Riding the Teeter Totter: Work Life Balance

Sometimes I think with working at home, I’ve tipped the teeter totter in the completely opposite direction. Things that never used to faze me like sitting in traffic now totally stress me out. Little stressors have turned into big stressors. Why is that? Is it because I now do not have all that much stress in my life, so what there is gets blown out of proportion? Who knows.

I think one of the hardest things I had to realize in my career is that what I chose to do for work was not so compatible with having a chronic illness. Diabetes does not let you wait until you have that final report in, have handled your client’s emergency crisis or have completed an event. When I have blood sugar problems, I have to take care of them right away. In other words, sometimes I have to come first. If you have a young family or family members with special needs, you may find that certain careers are not compatible with your home life. You are also probably going to find that your work place is not going to help you find a balance between work and home because, for your company, it is all about the bottom line and how much work they can get from you.

So what do you do? You can “side out” into a less demanding career like I did. You can stay in your career and continue to juggle priorities and find hired help to keep your home life running. You can try to divide the work responsibilities among a work team and the home responsibilities with your spouse and kids. However, all of those solutions come with their own issues. It’s hard to find reliable home help that will stay. Team members get sick, burn out, or resent that they are “covering” for you if they are single with no kids. You can’t always divide up home responsibilities evenly with a spouse, and sometimes kids will flat out refuse what you are asking them to do.

There really isn’t one best answer to the work life balance dilemma. The best I can come up with is to live your life deliberately. So what does that mean? It means proactively deciding what IS important to you, not what others think is important. Here’s some examples: When I was in my last undergraduate year at college, I got engaged, because, hey, that’s what you do, isn’t it? It still is the norm in some areas of society, and who was I to go against the norm? But as I approached the end of my time in the ivory tower, I began to think what I wanted. I still did not know what my career would be. I already knew I did not want to have kids. And I already knew what I wanted was in conflict with what my future husband wanted, so I broke off the engagement. I did it again in my early thirties when I saw that getting married wasn’t the solution to the problems of a bi-coastal relationship. Some may call this marriage avoidance. But I tell my friends these were the best marriages I never had because I knew they just were not right for me at the time. Some call this selfishness, but it is living your life with deliberation. Unfortunately, sometimes other people are not going to be happy with this.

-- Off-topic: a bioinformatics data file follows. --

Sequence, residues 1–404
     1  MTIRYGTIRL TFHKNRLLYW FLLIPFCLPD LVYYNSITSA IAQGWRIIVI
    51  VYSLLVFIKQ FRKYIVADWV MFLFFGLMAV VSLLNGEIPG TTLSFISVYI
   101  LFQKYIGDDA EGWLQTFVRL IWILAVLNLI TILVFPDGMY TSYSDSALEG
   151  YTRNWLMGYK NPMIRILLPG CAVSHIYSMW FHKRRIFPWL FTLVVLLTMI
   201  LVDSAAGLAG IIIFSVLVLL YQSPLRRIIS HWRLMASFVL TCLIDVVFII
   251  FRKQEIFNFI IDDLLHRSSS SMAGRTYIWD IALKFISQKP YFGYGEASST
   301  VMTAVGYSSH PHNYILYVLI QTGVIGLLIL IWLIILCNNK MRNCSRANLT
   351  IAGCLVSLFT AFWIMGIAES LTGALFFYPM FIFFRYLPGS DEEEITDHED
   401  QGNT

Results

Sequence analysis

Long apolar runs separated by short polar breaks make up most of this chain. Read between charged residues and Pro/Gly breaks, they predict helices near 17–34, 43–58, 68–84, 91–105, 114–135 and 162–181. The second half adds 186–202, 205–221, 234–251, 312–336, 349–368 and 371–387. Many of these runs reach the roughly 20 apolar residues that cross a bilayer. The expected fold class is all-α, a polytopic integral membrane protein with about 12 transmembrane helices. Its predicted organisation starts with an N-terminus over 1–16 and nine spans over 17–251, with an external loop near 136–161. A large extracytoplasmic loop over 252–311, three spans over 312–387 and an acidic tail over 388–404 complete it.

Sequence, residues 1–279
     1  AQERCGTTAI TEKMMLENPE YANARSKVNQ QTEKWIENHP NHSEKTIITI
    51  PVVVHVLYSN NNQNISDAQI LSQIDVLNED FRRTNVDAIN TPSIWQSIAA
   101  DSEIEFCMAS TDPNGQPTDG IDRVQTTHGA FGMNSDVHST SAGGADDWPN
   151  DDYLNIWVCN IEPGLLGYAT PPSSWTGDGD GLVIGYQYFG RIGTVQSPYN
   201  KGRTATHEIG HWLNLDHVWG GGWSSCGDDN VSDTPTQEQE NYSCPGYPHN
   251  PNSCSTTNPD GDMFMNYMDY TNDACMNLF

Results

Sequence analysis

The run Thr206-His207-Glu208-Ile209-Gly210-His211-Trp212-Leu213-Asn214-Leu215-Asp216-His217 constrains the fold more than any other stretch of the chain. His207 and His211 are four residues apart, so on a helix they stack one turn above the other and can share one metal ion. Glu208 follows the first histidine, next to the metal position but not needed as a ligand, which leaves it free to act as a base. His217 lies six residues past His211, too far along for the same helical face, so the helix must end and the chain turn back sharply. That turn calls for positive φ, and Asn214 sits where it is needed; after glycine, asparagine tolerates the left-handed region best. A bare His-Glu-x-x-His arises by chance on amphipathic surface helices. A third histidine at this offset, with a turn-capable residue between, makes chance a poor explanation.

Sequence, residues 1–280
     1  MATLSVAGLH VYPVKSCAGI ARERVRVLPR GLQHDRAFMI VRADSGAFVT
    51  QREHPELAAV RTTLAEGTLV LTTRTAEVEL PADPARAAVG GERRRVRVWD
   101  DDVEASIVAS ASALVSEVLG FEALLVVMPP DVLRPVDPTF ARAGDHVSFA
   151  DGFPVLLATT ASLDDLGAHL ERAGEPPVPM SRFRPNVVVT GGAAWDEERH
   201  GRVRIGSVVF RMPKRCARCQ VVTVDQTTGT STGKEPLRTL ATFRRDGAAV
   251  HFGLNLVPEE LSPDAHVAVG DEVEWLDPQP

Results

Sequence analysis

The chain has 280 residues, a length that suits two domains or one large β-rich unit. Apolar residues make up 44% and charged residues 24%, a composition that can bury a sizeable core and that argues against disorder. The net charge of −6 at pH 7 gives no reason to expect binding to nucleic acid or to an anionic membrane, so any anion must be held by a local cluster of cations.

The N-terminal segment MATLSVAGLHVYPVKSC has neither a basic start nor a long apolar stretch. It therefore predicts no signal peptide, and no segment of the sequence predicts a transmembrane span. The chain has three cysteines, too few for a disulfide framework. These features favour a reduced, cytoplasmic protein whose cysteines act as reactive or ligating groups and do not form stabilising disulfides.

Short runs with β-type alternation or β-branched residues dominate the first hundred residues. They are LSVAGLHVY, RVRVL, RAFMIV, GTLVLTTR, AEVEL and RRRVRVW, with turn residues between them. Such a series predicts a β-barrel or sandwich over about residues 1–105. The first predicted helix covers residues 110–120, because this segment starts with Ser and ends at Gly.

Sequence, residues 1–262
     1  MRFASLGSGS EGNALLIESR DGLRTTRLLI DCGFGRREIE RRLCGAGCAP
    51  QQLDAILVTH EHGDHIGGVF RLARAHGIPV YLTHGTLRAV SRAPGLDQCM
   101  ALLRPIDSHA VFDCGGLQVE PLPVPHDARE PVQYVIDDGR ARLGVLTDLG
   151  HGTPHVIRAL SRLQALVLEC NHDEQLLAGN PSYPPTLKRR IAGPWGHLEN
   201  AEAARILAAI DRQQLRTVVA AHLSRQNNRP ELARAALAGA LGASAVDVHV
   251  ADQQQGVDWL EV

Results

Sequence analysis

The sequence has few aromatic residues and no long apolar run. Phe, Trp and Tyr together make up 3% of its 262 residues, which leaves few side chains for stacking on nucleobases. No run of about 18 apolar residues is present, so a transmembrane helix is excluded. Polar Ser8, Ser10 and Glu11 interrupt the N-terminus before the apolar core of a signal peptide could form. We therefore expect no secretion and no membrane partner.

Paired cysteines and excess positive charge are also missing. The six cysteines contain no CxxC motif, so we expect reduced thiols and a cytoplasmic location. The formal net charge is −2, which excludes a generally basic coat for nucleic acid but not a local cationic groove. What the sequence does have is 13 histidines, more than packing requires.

Flouting social norms isn’t easy, and while my own examples are rather extreme, you may find trying to live your own life with deliberation, well, rather trying. There’s the mother-in-law who thinks your kids should not be in daycare. There’s the boss who is not going to cut you some slack because you have kids. There’s your spouse’s career needs to take into consideration. No wonder you may feel out of balance. One of the things that may make you feel less crazy is to realize that the changes needed to bring your life back in to balance do not need to be huge. And you also need to realize that your perfect balanced 24 hour day may rarely happen. It may be a balanced week where one day you work late at the office while the spouse feeds the kids and puts them to bed. Another day may be spent relaxing at home with the kids and the spouse in the pool. It is up to you to figure out what is important and how much of it you need.

It get can to the point where it is all work and no play when you work at home, so I am trying to come up with my own bucket list. What do I want to accomplish before I retire, before I die? Hopefully, I will be able to fit it in around the work and other life necessities.

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2 Responses

  1. Or then there is the other extreme…fitting work in around your life (which only syarted for me after not fitting anything around work for 20 years).

    I am totally on board with living life deliberately. Thanks for a great post.

  2. Yikes! What a change.

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